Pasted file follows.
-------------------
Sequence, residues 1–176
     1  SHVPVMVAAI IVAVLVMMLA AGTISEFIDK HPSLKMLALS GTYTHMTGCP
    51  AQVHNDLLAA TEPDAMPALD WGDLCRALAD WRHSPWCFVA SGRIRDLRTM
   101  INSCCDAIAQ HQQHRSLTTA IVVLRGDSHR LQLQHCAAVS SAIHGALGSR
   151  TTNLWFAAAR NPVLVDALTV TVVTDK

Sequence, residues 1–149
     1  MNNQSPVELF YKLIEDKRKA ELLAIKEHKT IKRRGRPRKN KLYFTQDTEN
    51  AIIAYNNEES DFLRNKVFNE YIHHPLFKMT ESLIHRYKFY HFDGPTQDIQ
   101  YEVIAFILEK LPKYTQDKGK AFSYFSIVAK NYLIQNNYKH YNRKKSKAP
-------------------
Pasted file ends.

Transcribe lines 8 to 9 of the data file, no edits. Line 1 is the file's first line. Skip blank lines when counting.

    51  AIIAYNNEES DFLRNKVFNE YIHHPLFKMT ESLIHRYKFY HFDGPTQDIQ
   101  YEVIAFILEK LPKYTQDKGK AFSYFSIVAK NYLIQNNYKH YNRKKSKAP